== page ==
If you are having any symptoms or have any questions, please call 811 to speak with a registered nurse 24 hours a day.
What is pleurisy?
Pleurisy is a medical condition. It affects the lining of your lungs and chest. The lining can become inflamed or irritated. This happens when excessive fluid collects in the “pleural space.” Typically, there is a small amount of fluid in the space. This is normal. The condition causes chest pain.
Symptoms of pleurisy
The main symptom is chest pain. It can be sharp and sudden. It is painful to cough or take a deep breath. Ongoing chest pain is common. Shortness of breath is common too. You might develop a fever or other aches. More symptoms depend on the cause of pleurisy.
What causes pleurisy?
Pleurisy is often caused by an infection. The infection could be viral (flu). It could be bacterial (pneumonia or tuberculosis). Other causes include:
- Asbestos-related disease (from home or work exposure)
- Certain cancers (lung, lymphoma, and mesothelioma)
- Chest trauma
- A blood clot that travels to the lung
- Rheumatoid arthritis
- Lupus (an autoimmune disorder)
How is pleurisy diagnosed?
Contact your healthcare provider if you have pleurisy symptoms. Your healthcare provider will do a physical exam. They will ask you questions about your medical history. Your healthcare provider will listen to your lungs with a stethoscope. They can hear the lining rubbing together. Based on these results, your healthcare provider can order several tests. These could include:
- Blood test. An infection may show up in your blood. The test also can detect autoimmune disorders. This includes rheumatoid arthritis or lupus. Pleurisy could be a symptom of both conditions.
- X-ray. Your healthcare provider can use an X-ray to get a picture of your chest. This will show if there is something in the space between the lining. There may be air or gas in the area. That condition is called a pneumothorax. Lung disease or a lung injury can cause this condition.
- Your healthcare provider may use sound waves to get a picture of your chest. The view may detect a pleural effusion. You can get this when fluid builds up in the pleural space.
- Computerized tomography (CT).This checks for other causes of pleurisy. A chest CT may find a blood clot in the lung. This condition is called a pulmonary embolism. It also could find hemothorax. This occurs when blood gets in the pleural space. It can be caused by a chest injury, chest surgery, or lung cancer.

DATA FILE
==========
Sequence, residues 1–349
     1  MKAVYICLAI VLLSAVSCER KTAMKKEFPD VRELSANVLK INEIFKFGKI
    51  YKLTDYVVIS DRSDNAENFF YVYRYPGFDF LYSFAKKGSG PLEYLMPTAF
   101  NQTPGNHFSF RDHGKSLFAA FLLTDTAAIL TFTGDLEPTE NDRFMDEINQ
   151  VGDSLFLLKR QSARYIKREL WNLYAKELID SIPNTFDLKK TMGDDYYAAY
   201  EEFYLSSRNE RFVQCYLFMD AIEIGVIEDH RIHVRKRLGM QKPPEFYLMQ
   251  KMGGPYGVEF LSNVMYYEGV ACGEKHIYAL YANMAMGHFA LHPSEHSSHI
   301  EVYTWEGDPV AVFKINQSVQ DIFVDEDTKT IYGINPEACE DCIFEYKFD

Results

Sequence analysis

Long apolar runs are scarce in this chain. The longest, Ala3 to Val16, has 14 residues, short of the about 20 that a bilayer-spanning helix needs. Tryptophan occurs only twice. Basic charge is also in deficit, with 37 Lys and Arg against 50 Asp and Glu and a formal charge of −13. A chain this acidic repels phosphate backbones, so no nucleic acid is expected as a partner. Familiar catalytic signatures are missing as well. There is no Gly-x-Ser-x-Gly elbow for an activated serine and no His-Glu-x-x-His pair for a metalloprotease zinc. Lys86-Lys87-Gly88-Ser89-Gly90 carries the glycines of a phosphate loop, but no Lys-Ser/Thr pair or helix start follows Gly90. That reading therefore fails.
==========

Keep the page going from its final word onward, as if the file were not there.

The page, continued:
- Electrocardiogram (ECG or EKG).This test will help your healthcare provider rule out heart problems or defects.
- Fluid removal. Your healthcare provider will apply a numbing medicine to the skin around your chest muscles. They will insert a small needle into that area to collect fluid. That sample will be sent to a lab.
Can pleurisy be prevented or avoided?
Treating a bacterial infection (early) may prevent pleurisy. It is more difficult to treat a viral infection. Finding and treating other causes of pleurisy may help.
Pleurisy treatment depends on the underlying cause. Your healthcare provider may prescribe an antibiotic for a bacterial infection. They may prescribe an anti-viral medicine if you have a viral infection. For most viral infections, the infection will have to run its course. If your pleurisy is caused by something else, your healthcare provider will treat that cause. You can ease symptoms with over-the-counter medicine. Acetaminophen (Tylenol) or Ibuprofen (Advil, Motrin) can reduce pain and inflammation. Cough syrup can control excessive coughing. However, don’t stop coughing. This can cause pneumonia. Rest (lying on your painful side) can help. In rare cases, surgery may be necessary to remove fluid buildup.
Living with pleurisy
Discomfort is the main factor in living with pleurisy. You will have ongoing pain until the infection goes away or another cause is treated. Try to slow down and take it easy while you have pleurisy. Don’t do any activity that will cause rapid breathing or excessive coughing.